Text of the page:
All the collected data were entered in MS excel and analyzed. The statistical software SPSS version 16.0 (SPSS Inc., Chicago, Illinois) was used for the statistical analysis of the data. The descriptive statistics mean standard deviation (SD) and 95% of CI of scores of four parameters and frequency (N), % frequency of responses was calculated. The significance of the association of sociodemographic factors with four parameters was tested by Pearson’s Chi-square test. The multinomial regression model was developed for OS and EW as dependent and age, along with the education of the mother and father as an independent variable. The level of significance was P < 0.05.
| Results|| |
Out of 110 eligible candidates, there were 10% drop out and only 100 potential candidates participated in the study. Refusal to take part in such study and cultural inhibition were the two main causes of dropout for candidates.
Mean PCPQ impact score values are higher for the OS domain as related to the age of fathers. On applying Pearson’s Chi-square test, the oral symptom was significantly associated with the age of the father, P = 0.002, P < 0.01. Mean PCPQ impact score values are higher for the EW domain as related to the education of the father, and EW is significantly associated with the education of the father, P = 0.032, P < 0.05 [Table 1].
|Table 1: Frequency distribution N (%) and association of response for four parameters of respondents by their age and education of father, mother, and their family income|
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Mean PCPQ impact score values are higher for the OS domain as related to the age of mothers. On applying Pearson’s Chi-square test, the oral symptom was significantly associated with the age of the mother, P = 0.035, P < 0.05. Mean PCPQ impact score values are higher for the EW domain as related to the education of the mother, and EW is significantly associated with the education of the mother, P = 0.040, P < 0.05 [Table 1].
Mean PCPQ impact score values are higher for the OS domain as related to family income and on applying Pearson Chi-square test, the oral symptom was significantly associated with family income P-value = 0.000, P < 0.05.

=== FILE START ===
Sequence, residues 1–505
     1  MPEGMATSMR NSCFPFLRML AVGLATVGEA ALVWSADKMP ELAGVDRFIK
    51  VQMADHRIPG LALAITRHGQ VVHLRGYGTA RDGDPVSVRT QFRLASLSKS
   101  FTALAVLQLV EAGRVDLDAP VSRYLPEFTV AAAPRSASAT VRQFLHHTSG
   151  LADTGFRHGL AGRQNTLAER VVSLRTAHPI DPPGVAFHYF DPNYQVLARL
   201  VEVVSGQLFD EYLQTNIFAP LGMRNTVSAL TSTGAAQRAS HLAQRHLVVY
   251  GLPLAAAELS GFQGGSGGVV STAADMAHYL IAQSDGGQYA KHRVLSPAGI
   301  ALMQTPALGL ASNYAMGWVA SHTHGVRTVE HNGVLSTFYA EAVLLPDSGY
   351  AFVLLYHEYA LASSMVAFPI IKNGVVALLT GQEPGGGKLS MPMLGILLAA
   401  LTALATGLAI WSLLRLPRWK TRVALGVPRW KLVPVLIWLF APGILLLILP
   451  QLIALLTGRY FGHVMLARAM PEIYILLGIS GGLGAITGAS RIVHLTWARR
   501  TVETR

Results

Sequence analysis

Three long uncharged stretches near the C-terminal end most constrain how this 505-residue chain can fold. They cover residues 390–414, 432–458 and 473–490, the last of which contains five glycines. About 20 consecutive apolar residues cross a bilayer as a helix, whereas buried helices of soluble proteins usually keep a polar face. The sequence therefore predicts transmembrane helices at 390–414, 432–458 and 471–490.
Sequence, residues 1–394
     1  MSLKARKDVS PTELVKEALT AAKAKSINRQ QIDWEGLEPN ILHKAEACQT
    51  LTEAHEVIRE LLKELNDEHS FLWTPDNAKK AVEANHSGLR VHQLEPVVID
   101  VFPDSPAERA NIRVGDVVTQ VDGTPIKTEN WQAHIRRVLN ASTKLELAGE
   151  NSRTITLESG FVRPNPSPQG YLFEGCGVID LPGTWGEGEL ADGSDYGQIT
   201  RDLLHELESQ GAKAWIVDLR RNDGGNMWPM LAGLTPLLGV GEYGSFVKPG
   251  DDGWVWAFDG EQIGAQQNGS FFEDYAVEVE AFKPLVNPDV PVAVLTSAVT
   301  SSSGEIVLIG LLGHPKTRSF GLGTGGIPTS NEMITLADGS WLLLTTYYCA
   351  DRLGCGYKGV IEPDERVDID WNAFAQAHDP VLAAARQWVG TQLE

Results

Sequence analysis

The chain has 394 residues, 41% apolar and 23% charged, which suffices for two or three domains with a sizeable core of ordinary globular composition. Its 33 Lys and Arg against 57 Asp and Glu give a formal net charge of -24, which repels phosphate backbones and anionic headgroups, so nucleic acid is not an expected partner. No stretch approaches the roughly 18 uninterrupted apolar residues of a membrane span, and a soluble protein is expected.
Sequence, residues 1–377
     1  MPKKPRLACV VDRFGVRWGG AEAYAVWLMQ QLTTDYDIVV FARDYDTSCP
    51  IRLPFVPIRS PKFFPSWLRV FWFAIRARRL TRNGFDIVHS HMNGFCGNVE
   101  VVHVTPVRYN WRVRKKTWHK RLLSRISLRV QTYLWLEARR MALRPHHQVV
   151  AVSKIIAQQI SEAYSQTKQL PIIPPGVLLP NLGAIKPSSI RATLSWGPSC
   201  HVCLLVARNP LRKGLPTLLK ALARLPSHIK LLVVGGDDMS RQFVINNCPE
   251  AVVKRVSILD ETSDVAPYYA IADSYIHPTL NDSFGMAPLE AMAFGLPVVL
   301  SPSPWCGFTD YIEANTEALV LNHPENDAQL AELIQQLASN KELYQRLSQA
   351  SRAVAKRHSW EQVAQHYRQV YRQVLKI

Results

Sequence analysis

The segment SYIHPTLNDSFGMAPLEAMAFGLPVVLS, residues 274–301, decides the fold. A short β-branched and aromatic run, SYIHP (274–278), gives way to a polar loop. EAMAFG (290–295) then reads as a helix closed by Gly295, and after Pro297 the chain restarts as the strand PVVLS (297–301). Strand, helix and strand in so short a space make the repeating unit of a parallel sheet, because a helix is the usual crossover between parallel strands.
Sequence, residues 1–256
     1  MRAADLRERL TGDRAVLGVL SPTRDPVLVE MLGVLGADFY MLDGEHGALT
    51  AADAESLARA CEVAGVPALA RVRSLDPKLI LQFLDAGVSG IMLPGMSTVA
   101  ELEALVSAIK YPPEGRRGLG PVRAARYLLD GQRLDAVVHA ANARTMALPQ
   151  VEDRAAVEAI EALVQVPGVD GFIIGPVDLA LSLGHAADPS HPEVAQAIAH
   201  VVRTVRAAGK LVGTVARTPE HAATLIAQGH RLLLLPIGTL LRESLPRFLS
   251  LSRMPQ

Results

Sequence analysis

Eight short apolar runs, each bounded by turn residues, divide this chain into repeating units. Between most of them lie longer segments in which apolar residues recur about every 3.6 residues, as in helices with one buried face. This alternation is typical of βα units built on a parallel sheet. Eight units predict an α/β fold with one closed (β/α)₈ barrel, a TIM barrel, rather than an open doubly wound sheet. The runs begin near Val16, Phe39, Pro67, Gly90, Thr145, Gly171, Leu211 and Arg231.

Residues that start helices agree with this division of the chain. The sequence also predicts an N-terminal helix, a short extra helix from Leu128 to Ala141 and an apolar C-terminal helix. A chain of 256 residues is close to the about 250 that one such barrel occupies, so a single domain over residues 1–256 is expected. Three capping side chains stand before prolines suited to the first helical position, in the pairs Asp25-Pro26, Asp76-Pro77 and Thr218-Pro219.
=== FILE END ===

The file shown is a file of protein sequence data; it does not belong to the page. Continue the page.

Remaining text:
On multinomial regression for EW as dependent and education of mother and father as an independent variable, it was found that as the level of education increased from less than high school to a PG degree, the chances of getting more concerned with the EW of the ASD child increased in both mother and father. For example, the chances of response 0 (does not bother my child) were 4.006E7 times more in mothers with less than a high school education as compared to mothers with a PG degree. Similarly, the chances of response 0 (does not bother my child) were 12 times more in fathers with less than high school education as compared to fathers with a PG degree [Table 2].
|Table 2: Multinomial regression for emotional well-being as dependent and education of mother and father as an independent variable; and oral symptoms as dependent and age of mother and father as an independent variable|
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On multinomial regression for the OS domain as dependent and age of mother and father as an independent variable, it was found that as age increased, chances of getting more concerned with OS of the ASD child increased in both mother and father. For example, the chances of response 0 (does not bother my child) were 4.295E8 times more in mothers in 20–39 years of age as compared to mothers in 60 and above age group. Similarly, chances of response 0 (does not bother my child) were 1.988E9 times more in fathers in 20–39-year-age group as compared to fathers in 60 and above age group [Table 2].
On multinomial regression analysis for OS as dependent and family income as an independent variable, a negative correlation was found, and as family income increased, the chances of getting concerned with OS decreased [Table 3].
|Table 3: Multinomial regression for oral symptoms as dependent and family income as an independent variable|
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| Discussion|| |
PCPQ was used as an instrument to measure the parental perception response in this study. It is a reliable instrument that has been used in previous studies also to measure the parental perception of parents with children with ASD on their OHRQoL and its influence on the affected families.,, The instrument has been validated in other different languages apart from English., It has been earlier established that parents are used as proxies and influence the OHRQoL of their children.,,,,,
Mothers are considered to be better proxies than fathers. But few studies report fathers are also getting more engaged in raising their children.,, Father and mother seem to agree on the group level as far as OHRQoL is concerned, but there is a difference in their opinion at the family level. The role of Fathers as proxies in Saudi Arabia cannot be more underlined and stressed, seeing parental, cultural, and religious preferences.,,